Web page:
The events culminating in the out-of-court settlement in favour of Nick Tregoning, Swansea students' union manager, are an object lesson in failed accountability (Whistleblower, THES , June 22).
Swansea students' union has lost upwards of £50,000, almost 15 per cent of the annual grant from the university - and no one has yet apologised to the student body for the loss of services this will entail. Not the officers of the union, who preferred to use the union's money rather than its constitution, and not the university authorities, the body responsible for devising a constitution to protect the large amounts of public funds given to the students' union each year.
At any time, students' union officers could have moved to reduce the costs by dropping the illegal and improper action and seeking resolution under the terms of the constitution. At any time, the university could have invoked its proper fiduciary authority and informed the union officers that, having acted outwith the constitution, they could be held individually responsible for the sums involved.
Almost by definition, elected student officers are inexperienced, untrained and unqualified managers and the university therefore has a special duty of care to ensure that, within an appropriate and non-political range, it can retain some oversight of the public funds it entrusts to them. It partially discharged its duty in this respect through the institution of the constitution. But there is no earthly use in establishing a constitution if one then turns a blind eye to its flagrant abuse.
Those charged with public trust for the appropriate disbursement of funds signally failed to meet that responsibility. Instead, a member of staff was dismissed without a legitimate charge, without a valid case, and the threat of legal action for restitution was avoided by the reckless use of public monies.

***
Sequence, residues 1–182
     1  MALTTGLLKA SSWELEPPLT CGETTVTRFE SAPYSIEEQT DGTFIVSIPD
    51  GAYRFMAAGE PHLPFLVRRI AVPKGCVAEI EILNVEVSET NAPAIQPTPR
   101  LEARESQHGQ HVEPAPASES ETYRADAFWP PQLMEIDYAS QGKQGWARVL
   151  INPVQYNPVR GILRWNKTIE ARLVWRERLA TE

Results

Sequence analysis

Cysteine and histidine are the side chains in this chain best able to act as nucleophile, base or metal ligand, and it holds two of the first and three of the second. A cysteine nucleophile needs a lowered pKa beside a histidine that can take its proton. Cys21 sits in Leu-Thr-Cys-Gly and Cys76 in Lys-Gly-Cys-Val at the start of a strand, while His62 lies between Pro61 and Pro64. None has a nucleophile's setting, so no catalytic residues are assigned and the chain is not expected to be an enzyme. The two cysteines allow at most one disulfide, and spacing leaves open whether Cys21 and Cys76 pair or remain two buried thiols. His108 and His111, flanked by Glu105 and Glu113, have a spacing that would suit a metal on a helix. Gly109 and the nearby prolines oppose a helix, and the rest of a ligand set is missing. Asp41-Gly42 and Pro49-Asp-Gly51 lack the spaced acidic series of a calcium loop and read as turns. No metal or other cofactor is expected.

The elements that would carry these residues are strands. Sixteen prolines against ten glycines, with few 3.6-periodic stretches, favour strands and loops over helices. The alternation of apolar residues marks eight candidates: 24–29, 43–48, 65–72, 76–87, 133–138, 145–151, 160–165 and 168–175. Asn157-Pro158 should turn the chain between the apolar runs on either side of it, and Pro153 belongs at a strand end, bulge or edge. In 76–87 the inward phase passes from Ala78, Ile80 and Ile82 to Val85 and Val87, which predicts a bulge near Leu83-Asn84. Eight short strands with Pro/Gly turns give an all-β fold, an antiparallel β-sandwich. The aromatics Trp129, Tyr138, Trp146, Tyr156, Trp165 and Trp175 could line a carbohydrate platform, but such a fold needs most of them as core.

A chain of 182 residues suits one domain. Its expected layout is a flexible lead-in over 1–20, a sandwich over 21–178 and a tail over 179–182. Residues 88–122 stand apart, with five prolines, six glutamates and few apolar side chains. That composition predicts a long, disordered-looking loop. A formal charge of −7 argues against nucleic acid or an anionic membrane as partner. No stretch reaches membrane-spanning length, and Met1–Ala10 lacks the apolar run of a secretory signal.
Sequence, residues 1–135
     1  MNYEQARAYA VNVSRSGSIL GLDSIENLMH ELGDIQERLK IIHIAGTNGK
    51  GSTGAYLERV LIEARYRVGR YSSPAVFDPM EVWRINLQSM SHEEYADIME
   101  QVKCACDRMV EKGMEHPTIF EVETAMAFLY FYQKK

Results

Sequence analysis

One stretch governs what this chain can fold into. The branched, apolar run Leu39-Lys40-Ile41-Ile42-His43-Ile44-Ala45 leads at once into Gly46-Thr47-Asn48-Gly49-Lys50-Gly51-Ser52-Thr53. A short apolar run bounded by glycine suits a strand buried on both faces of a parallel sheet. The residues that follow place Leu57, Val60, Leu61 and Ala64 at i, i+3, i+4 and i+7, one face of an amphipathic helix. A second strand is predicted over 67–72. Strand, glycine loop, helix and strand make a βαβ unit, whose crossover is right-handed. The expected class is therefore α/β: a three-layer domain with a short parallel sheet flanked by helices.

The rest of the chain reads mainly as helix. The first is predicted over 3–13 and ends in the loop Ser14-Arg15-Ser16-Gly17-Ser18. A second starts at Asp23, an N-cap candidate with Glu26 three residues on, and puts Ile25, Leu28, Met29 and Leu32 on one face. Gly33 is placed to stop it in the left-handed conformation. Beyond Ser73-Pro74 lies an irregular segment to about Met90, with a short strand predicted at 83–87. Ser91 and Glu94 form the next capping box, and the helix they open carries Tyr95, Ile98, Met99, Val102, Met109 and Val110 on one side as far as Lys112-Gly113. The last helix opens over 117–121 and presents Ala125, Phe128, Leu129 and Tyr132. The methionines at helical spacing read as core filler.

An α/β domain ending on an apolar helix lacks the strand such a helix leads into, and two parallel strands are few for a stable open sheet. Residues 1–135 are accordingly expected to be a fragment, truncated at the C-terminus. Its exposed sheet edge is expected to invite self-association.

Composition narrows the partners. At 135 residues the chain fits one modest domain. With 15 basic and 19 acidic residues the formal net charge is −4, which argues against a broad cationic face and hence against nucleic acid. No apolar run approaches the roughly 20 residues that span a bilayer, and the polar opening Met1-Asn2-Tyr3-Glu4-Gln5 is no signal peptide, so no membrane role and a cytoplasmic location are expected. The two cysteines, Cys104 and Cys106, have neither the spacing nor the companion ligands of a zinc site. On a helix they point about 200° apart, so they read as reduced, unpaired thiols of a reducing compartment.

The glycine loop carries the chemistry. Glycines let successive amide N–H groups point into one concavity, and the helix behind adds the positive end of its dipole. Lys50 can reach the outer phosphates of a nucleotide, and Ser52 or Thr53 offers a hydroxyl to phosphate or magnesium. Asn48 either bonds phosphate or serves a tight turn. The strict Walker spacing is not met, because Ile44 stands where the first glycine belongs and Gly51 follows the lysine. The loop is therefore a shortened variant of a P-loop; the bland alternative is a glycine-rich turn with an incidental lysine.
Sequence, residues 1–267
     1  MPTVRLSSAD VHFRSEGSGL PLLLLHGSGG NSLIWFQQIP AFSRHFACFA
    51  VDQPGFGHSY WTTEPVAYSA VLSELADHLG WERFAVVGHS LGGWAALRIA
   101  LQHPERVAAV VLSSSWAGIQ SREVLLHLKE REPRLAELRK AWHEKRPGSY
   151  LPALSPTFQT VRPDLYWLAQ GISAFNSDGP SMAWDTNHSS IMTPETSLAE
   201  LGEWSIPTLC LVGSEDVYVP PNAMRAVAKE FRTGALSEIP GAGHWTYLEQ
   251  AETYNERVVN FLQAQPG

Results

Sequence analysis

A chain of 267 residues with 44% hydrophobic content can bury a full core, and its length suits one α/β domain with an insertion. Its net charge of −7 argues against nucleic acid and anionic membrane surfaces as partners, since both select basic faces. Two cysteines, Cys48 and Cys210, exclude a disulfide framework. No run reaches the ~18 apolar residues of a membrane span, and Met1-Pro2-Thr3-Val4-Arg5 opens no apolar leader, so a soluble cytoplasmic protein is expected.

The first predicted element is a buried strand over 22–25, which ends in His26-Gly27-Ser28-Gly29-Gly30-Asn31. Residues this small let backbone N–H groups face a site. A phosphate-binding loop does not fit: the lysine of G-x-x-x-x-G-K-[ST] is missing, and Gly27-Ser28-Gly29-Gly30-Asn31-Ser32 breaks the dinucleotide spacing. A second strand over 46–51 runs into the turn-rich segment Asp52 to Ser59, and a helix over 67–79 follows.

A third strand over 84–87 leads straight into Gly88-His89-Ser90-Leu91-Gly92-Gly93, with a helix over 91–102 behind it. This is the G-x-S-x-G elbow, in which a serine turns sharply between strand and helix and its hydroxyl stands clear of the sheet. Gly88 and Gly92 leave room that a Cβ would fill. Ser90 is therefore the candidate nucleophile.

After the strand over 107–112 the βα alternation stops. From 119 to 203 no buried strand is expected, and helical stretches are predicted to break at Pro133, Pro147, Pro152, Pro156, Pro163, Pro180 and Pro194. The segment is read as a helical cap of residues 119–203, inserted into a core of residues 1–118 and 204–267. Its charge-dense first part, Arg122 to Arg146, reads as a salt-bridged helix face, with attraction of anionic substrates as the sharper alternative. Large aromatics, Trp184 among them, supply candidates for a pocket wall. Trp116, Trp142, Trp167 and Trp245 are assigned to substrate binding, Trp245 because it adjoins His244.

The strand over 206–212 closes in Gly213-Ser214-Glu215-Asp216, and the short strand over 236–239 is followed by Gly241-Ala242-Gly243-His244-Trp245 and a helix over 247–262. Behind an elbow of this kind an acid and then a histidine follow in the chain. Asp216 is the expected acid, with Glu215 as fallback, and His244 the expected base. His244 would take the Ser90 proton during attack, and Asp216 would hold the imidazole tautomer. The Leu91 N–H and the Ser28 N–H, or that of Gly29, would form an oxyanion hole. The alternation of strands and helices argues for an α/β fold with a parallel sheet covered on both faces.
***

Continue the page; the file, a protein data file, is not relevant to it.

At least one formal inquiry should review these matters and the actions of those in positions of responsibility who failed to intervene. The responsible authority in the case of the students' union would be the Charity Commission. Perhaps a different body could consider the remaining matter of considerable concern: that the Council of the University of Wales Swansea has still not taken appropriate action to retrieve the funds employed to cover up this outrageous incident.
I use the term "cover-up" deliberately, for some of the money was used to pay the students' union lawyer to incorporate a gagging clause for the Association of University Teachers local association in a clearly vain attempt to keep relevant facts from public scrutiny. The public and their accountable representatives, however, have a right to know how public money is being used or misused.